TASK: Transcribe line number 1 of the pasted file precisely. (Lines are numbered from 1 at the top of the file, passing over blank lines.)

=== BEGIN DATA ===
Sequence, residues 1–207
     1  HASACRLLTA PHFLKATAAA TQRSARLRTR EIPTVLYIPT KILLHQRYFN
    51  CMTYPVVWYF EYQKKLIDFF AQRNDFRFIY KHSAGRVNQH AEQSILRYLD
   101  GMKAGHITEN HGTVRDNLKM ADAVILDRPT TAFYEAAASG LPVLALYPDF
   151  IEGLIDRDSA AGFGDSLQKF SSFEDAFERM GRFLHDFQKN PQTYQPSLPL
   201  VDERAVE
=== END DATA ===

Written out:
Sequence, residues 1–207